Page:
Stress is a part of life, but unfortunately for many of us, stressful days have become more of the norm than the exception. We’ve become so accustomed to answering work emails 24/7, worrying about finances, and constantly seeing upsetting news stories that sometimes we don’t even realize we’re stressed.
To stop your stress-filled train from going at full speed, it’s important be mindful of the seven stress symptoms below. Take them as a gentle hint from your body that you may want to take a step back and implement some stress management techniques into your life.
What Is Stress?
Before we dive into the signs of stress, it’s important to understand what stress is. Stress is your body’s reaction to any demand — this could be physical activity, a major life change, or a traumatic event, like a car crash or your boss yelling at you. The effects of stress on the body can lead to health issues if it becomes chronic stress, so it’s important to learn how to recognize it and manage it.
Everyone experiences stress in their own way, and just as different things will stress out different people, different stress management techniques will also work for different individuals.
7 Common Stress Symptoms
The symptoms of stress and anxiety differ from person to person, but there’s science that suggests these seven common signs of stress might be an indicator that your stress levels are getting a bit too high. Be mindful of these possible physical signs of stress if you start to feel more overwhelmed than usual.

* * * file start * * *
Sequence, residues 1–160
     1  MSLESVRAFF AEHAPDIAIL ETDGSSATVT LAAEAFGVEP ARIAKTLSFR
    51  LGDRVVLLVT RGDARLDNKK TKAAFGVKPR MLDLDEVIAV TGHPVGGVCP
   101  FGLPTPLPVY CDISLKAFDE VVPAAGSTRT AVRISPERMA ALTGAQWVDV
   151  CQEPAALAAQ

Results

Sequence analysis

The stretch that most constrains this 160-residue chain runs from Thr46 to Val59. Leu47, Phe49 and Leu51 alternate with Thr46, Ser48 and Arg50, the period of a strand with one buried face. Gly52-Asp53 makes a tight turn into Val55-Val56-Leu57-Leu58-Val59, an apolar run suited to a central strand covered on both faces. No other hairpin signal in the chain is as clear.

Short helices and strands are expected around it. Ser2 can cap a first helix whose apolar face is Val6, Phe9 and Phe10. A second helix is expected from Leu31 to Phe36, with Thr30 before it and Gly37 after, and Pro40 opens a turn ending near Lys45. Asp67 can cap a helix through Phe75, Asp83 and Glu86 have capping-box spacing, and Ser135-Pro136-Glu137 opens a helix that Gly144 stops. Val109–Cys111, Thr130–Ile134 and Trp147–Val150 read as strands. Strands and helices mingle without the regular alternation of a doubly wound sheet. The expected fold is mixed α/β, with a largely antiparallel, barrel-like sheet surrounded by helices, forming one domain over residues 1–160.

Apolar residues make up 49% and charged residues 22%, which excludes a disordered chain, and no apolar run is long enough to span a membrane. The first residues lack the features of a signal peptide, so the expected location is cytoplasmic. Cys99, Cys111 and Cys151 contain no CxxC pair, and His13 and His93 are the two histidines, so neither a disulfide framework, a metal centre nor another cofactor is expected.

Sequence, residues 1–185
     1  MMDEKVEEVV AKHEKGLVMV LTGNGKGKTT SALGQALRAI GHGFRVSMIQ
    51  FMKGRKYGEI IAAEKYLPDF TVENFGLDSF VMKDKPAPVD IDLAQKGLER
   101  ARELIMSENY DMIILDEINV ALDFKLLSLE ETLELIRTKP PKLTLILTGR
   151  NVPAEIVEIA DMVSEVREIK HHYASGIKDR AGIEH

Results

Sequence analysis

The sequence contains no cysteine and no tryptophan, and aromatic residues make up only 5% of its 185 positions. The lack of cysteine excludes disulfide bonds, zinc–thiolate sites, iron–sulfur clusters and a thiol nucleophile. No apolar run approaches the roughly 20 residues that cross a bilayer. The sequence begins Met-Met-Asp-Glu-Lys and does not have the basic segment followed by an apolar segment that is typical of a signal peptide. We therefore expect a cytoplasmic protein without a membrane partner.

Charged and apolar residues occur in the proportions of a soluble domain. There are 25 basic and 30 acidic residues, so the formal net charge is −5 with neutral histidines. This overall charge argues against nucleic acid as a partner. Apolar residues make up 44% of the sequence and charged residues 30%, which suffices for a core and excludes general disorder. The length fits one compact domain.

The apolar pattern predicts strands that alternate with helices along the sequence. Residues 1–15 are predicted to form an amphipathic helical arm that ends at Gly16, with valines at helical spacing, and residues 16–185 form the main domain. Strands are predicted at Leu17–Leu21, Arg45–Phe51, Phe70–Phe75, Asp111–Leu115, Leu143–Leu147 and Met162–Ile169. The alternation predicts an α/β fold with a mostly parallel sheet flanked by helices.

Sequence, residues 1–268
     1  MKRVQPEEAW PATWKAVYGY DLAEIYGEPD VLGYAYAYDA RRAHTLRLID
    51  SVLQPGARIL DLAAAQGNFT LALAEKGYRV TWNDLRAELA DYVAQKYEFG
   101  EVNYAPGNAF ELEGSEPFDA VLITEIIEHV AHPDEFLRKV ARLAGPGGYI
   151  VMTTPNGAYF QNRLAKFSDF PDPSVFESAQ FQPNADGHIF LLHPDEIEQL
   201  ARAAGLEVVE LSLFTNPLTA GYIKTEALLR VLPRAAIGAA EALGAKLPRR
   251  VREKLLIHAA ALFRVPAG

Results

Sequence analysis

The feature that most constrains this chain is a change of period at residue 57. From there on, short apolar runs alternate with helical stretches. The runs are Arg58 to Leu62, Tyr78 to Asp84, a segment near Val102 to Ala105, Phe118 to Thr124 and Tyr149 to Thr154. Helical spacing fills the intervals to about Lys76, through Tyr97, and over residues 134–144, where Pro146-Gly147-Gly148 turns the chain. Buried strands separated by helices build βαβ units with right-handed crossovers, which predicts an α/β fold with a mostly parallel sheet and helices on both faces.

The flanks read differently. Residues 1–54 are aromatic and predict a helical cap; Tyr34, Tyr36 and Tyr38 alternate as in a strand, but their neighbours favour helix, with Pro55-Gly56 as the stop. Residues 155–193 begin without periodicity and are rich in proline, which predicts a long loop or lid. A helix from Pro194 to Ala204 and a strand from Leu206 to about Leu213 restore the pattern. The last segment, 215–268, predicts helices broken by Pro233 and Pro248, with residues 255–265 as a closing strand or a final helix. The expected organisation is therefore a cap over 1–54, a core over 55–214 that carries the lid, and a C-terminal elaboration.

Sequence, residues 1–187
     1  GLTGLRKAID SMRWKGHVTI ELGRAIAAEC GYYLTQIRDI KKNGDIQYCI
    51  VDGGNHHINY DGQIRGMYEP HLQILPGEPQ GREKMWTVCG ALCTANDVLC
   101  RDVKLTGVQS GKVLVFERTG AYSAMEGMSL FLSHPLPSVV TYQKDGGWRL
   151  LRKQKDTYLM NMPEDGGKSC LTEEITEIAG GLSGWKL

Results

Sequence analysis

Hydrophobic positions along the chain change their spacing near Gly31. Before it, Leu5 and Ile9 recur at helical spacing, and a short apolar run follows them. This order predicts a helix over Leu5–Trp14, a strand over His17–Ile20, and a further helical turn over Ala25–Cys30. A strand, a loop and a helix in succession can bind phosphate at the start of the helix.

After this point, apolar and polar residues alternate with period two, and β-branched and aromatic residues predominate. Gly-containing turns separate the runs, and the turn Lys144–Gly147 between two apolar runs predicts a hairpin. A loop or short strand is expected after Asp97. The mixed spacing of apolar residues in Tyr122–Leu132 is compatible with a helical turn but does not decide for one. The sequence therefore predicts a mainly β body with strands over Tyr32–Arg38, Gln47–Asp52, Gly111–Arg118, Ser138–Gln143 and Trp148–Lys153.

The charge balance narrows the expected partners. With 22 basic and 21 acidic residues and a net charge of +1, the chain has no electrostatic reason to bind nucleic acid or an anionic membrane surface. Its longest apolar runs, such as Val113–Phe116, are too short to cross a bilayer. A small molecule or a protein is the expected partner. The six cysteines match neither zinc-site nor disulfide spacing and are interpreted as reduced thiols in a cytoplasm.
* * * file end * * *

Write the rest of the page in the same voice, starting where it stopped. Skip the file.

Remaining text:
Pain that occurs almost all day, on nearly every day for at least three months may be a sign of stress. “From clinical and epidemiologic studies, lifelong exposure to stress — including stressful adverse experience in childhood — increases the risk of developing chronic pain,” says Leslie J. Crofford, M.D., professor of medicine and rheumatology at Vanderbilt University Medical Center.
“In patients who have chronic pain, stress increases pain intensity, the interference of pain with daily activities, and the capacity to cope with chronic pain. It is thought that these interactions are mediated through the stress response pathways, and that more chronic stress may cause dysfunction of these pathways that augments the pain experience.”
Research suggests that psychological stress may trigger headaches. “There’s a clear link between stress and both migraine and tension-type headaches,” says Peter Drummond, professor of psychology at Murdoch University. In a two-year study of 5,159 adults, for every 10 points that their stress increased on an intensity scale, their headache frequency increased six percent.
One theory for this association is that “hormones released during stress — such as adrenaline or cortisol — interfere with the body’s normal pain control processes or promote inflammatory reactions in vulnerable blood vessels or muscles in the head,” Drummond explains. “Neurological pathways for unpleasant emotions overlap with neurological pathways for pain, so it might be that activation of one pathway — emotion — increases activity in the second pathway — pain — particularly in well-used pain pathways like those responsible for headache.”